Now let’s talk punishment. In Mario you can take a maximum of two hits before dying – one hit takes your powerup, and the second hit brings you from being big to being small. The final hit defeats you and sends you back either to the beginning of the level or to a single checkpoint flag that always falls at the level’s halfway point. The screen pops up a big “Too Bad!” as your character wails in defeat. You also have a life count. If you die while on your last life, you’re booted completely out of the level to a game over screen and have to restart from the beginning regardless of whether you reached the checkpoint flag or not. It’s subtle, perhaps, but the messaging around making a mistake – the huge text on screen saying “too bad” or “game over” – can be demotivating, especially when paired with a loss of progress. Getting past a hard section doesn’t mean anything if you can’t clear the entire level, because only the checkpoint flag and the end of stage flags serve as meaningful markers of progress.
So let’s compare all that to Rayman. At the end of a Rayman Legends level you’re shown all the teensies you rescued and then the players combine their lums (small collectibles that are scattered liberally throughout the level). While you each have a separate lum count and one player can clearly have more, at the end what actually matters is how many you each have together. There are bronze, silver, and gold trophies for your lum count as well as what’s called a “lucky ticket.” If you hit the lum count for the lucky ticket (450 in most levels), you get a scratch-off card that then gives you a subsequent reward like an additional sum of lums, an extra teensie, or even something as significant as a Back to Origins level to play. Your rewards are given to the group rather than to an individual, and individual performance is downplayed in favor of emphasizing your cooperative accomplishments. I’ve never heard my kid complain if I had more lums, but I’ve already told you about what happens if I earn the crown in Mario.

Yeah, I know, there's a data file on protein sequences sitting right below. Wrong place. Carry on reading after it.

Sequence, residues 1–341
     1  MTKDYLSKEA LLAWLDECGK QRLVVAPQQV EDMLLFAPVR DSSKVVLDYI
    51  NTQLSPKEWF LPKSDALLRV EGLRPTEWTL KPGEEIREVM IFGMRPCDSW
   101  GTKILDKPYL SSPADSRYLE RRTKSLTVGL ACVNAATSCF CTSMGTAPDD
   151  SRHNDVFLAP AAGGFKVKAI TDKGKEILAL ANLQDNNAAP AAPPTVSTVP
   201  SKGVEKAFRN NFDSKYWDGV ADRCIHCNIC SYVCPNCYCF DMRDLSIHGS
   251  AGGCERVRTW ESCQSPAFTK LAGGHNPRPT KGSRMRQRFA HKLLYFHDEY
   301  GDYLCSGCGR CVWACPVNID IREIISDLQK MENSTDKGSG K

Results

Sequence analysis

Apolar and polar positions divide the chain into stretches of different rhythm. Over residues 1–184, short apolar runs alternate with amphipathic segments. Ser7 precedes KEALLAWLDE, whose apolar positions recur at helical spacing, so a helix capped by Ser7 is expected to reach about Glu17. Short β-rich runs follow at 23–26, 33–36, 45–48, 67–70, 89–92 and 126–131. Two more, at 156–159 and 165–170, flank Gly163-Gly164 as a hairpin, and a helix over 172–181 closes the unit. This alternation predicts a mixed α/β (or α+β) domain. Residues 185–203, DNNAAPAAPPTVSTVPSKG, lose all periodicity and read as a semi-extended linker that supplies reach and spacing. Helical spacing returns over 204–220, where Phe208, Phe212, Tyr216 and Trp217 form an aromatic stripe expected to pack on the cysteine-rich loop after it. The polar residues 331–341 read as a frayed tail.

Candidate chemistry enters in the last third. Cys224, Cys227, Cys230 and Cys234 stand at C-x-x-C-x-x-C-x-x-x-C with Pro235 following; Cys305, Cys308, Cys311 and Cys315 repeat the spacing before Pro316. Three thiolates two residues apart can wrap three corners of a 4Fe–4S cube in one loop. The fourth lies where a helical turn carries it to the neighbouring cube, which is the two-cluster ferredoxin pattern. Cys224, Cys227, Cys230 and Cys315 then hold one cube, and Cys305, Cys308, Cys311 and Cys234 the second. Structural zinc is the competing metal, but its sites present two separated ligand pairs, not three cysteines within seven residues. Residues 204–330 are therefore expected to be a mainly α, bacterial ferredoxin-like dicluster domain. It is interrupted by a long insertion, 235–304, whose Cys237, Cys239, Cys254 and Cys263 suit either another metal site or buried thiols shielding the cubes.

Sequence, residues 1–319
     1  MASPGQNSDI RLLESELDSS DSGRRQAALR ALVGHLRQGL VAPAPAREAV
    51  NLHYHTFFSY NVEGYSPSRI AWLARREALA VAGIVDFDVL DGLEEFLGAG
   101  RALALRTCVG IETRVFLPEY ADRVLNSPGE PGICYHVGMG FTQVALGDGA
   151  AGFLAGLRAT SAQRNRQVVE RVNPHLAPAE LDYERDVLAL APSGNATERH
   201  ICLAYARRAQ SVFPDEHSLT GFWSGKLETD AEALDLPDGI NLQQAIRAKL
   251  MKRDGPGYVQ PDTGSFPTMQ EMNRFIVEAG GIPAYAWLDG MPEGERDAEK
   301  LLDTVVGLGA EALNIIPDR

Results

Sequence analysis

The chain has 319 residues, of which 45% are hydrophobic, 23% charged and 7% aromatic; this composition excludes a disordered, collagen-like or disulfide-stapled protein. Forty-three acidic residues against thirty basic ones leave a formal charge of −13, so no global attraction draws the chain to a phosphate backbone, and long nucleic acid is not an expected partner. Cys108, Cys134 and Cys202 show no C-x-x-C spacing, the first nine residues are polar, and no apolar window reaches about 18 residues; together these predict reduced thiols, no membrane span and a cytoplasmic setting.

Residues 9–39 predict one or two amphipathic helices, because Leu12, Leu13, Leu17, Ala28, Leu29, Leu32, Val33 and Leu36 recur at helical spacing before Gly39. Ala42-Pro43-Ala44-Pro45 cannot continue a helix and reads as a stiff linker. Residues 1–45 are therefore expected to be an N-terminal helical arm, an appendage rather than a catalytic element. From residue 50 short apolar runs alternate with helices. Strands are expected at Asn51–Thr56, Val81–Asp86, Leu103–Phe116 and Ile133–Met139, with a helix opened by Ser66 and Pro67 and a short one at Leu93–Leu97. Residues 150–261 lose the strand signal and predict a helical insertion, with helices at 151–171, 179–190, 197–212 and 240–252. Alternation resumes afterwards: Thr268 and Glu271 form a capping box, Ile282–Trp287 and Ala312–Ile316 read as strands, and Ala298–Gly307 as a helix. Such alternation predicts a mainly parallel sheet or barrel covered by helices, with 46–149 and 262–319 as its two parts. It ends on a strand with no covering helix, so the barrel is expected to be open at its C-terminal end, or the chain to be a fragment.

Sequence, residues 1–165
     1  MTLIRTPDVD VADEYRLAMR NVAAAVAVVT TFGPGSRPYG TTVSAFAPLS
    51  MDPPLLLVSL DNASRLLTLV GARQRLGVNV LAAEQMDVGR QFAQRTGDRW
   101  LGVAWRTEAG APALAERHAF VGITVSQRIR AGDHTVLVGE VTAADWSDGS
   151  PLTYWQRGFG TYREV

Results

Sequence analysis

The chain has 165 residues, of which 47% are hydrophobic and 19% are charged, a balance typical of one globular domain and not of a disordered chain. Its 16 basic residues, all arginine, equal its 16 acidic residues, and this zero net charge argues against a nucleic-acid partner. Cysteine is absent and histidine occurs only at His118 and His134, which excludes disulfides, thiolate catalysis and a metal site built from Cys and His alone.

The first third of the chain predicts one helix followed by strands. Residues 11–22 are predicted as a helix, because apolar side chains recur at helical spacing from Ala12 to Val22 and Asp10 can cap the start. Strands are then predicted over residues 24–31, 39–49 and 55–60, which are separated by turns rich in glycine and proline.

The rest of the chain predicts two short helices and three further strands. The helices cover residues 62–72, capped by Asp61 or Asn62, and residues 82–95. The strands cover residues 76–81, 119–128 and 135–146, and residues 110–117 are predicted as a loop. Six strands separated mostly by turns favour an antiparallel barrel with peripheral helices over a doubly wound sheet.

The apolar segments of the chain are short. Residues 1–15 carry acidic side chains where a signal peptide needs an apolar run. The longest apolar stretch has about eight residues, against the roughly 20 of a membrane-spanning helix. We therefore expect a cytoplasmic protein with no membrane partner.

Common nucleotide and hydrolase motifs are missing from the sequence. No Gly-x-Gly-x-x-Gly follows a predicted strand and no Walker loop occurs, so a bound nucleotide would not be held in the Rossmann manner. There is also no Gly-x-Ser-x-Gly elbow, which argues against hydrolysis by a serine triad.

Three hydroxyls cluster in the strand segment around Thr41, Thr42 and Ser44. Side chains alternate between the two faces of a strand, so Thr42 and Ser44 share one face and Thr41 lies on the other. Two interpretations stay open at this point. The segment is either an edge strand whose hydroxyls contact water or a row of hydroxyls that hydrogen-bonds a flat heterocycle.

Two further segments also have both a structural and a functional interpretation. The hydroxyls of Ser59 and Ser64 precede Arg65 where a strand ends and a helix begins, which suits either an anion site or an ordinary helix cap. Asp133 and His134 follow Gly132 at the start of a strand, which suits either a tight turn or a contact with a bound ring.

In terms of punishment, in Rayman Legends you don’t have an extra layer of defense in the form of the powerup. You can get hearts in various ways throughout a level: finding a heart in a bottle, uprooting a heart plant, or saving the queensie or kingsie in a secret door. When you take damage from essentially any source and you have a heart, the heart will burst first, giving you another chance. Once you yourself are hit though, you blow up like a balloon and pop. Rayman Legends does not have a life system or a game over state, and right after you bust you’re dropped at the most recent checkpoint you passed. The checkpoints aren’t as readily visible as the ones in Mario but they are significantly more frequent – pushing past a significant section within a Rayman level is meaningful because you won’t have to do it again unless you decide to replay the level. There’s no antagonistic “you messed up” messaging around dying – you make a mistake, you start over relatively close to where you died, and you move on. The fact that the game doesn’t make a big deal out of mistakes makes it a lot easier for Inkling to move on from them.